NASA picture of Aitutaki
|Location||Central-Southern Pacific Ocean|
|Coordinates||18°51′S 159°47′W / 18.85°S 159.79°WCoordinates: 18°51′S 159°47′W / 18.85°S 159.79°W|
|Area||18.05 km2 (6.97 sq mi)|
Aitutaki, also traditionally known as Araura, Ararau and Utataki, is one of the Cook Islands, north of Rarotonga. It has a population of approximately 2,000. Aitutaki is the second most visited island of the Cook Islands. The main village is Arutanga (Arutunga) on the west side.
Aitutaki is an "almost atoll". It has a maximum elevation of approximately 123 metres with the hill known as Maunga Pu close to its northernmost point. The land area of the atoll is 18.05 km2 (6.97 sq mi), of which the main island occupies 16.8 km2 (6.5 sq mi). The Ootu Peninsula, protruding east from the main island in a southerly direction along the eastern rim of the reef, takes up 1.75 km2 (0.68 sq mi) out of the main island. For the lagoon, area figures between 50 and 74 km2 (19 and 29 sq mi) are found. Satellite image measurement suggests that the larger figure also includes the reef flat, which is commonly not considered part of a lagoon.
The barrier reef that forms the basis of Aitutaki is roughly the shape of an equilateral triangle with sides 12 kilometres (7.5 mi) in length. The southern edge of the triangle is almost totally below the surface of the ocean, and the eastern side is composed of a string of small islands including Mangere, Akaiami, and Tekopua.
The western side of the atoll contains many of Aitutaki's important features including a boat passage through the barrier reef allowing for anchorage close to shore at Arutanga. Towards the south of the side is a small break in the barrier reef, allowing access for small boats to the lagoon which covers most of the southern part of the triangle. Further to the north is the bulk of the main island. Its fertile volcanic soil provide tropical fruits and vegetables. Two of Aitutaki's 15 islets (motus) are also volcanic. The rest are made of coral.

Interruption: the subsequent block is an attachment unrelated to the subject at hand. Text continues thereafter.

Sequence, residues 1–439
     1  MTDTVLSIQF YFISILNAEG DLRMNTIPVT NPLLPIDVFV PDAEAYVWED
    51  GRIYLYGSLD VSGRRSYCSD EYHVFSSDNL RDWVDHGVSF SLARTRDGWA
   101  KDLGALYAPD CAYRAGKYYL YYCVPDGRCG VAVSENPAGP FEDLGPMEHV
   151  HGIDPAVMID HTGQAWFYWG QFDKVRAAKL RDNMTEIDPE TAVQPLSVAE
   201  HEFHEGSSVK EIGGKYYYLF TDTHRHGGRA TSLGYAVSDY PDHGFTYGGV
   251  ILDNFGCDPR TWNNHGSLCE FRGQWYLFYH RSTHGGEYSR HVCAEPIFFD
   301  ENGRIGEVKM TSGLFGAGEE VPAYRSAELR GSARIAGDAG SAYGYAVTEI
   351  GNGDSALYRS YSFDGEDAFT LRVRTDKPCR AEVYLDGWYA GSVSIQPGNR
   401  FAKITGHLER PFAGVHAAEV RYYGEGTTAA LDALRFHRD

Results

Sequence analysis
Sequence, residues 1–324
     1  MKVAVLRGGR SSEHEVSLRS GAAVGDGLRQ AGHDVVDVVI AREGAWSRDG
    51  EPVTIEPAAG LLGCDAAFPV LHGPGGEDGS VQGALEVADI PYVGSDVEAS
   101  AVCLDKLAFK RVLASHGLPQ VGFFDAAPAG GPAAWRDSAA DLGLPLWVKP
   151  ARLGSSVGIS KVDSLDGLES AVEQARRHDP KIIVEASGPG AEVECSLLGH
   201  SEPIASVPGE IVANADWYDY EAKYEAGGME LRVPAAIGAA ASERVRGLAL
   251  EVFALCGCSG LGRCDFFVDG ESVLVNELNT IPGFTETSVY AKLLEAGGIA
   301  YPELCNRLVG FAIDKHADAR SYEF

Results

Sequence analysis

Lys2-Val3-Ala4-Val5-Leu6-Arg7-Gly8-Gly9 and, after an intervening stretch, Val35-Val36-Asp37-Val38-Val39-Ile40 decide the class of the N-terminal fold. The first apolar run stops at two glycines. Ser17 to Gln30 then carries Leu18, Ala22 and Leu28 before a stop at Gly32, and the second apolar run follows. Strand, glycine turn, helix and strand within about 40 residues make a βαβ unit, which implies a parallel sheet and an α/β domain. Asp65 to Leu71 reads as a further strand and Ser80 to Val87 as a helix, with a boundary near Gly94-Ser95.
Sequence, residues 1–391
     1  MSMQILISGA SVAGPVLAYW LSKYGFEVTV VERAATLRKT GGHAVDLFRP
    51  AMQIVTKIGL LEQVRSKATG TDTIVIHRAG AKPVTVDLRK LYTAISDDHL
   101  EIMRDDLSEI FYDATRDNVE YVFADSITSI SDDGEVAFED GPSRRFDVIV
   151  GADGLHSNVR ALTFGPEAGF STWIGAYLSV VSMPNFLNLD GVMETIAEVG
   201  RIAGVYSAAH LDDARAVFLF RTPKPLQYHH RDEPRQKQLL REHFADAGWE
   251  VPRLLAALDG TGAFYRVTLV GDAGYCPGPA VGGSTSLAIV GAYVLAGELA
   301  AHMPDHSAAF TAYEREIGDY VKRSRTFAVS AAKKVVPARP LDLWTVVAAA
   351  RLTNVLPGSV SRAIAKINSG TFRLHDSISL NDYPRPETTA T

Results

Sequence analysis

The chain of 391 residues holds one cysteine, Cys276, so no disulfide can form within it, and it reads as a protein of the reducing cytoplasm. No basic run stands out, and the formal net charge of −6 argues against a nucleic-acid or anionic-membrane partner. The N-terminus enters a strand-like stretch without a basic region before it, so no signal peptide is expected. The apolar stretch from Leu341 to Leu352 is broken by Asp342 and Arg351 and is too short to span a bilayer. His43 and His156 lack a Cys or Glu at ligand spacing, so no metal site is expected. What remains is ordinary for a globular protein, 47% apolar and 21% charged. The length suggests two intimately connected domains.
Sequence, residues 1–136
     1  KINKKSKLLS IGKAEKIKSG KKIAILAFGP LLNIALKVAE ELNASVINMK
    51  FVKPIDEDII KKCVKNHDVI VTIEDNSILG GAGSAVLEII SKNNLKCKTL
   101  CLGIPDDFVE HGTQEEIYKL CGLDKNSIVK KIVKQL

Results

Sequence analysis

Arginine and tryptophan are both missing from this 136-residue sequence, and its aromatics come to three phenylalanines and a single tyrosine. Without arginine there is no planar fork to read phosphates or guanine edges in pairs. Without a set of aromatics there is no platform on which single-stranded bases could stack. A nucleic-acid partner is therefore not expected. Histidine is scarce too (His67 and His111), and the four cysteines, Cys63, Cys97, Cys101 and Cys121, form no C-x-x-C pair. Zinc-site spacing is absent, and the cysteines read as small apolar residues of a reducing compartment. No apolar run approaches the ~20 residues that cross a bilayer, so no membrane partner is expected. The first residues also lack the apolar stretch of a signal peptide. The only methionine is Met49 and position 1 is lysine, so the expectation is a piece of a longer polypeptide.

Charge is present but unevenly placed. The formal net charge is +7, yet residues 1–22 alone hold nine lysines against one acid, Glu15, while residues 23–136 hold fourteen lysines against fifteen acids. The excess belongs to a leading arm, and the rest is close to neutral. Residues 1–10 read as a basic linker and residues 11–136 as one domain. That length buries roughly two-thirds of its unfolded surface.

Aitutaki is subdivided in 8 districts. The districts are further subdivided into 19 tapere (land holdings by tribe lineages).
- Amuri (Te Upoko Enua)
- Ureia (Uriuri A Punga)
- Arutanga (Rutanga O Te Toa)
- Reureu (Te Mata O Teerui)
- Nikaupara (Te Maru O Toi)
- Vaipae (Te Vaipaepae O Pau)
- Tautu (Titi Ai Tonga)
- Vaipeka (Te Arekarioi)
The eight districts are subdivided into 19 tapere as follows:
- Amuri District
- Amuri Tapere
- Punganui Tapere
- Anaunga District
- Anaunga Tapere
- Punoa Tapere
- Arutanga District
- Arutanga Tapere
- Reureu Tapere
- Nukunoni Tapere
- Ureia Tapere
- Avanui District
- Avanui Tapere
- Vaipeka Tapere
- Taravao District
- Taravao Tapere
- Vaiau Tapere
- Vaiorea Tapere
- Tautu District
- Mataotane Tapere
- Tautu Tapere
- Vaipae District
- Oako Tapere
- Vaipae Tapere
- Vaitupa District
- Taakarere Tapere
- Vaitupa Tapere
Polynesians probably first settled Aitutaki around AD 900. The first known European contact was with Captain Bligh and the crew of the HMS Bounty when they discovered Aitutaki on April 11, 1789, prior to the infamous mutiny.
Aitutaki was the first of the Cook Islands to accept Christianity, after London Missionary Society (LMS) missionary John Williams visited in 1821. The oldest church in the country, the Cook Islands Christian Church in Arutanga, was built by Papeiha (Bora Bora) and Vahapata (Raiatea), two LMS teachers Williams had left behind.
On 8-9 October 1900 seven instruments of cession of Rarotonga and other islands were signed by their chiefs and people; and by a British Proclamation issued at the same time the cessions were accepted, the islands being declared parts of Her Britanic Majesty's dominions. Uniquely, these instruments did not include Aitutaki. It appears that, though the inhabitants of Aitutaki regarded themselves as British subjects, the Crown's title was uncertain, and the island was formally annexed by Proclamation dated 9 October 1900. It was the only island in the Cook Islands that was annexed rather than ceded.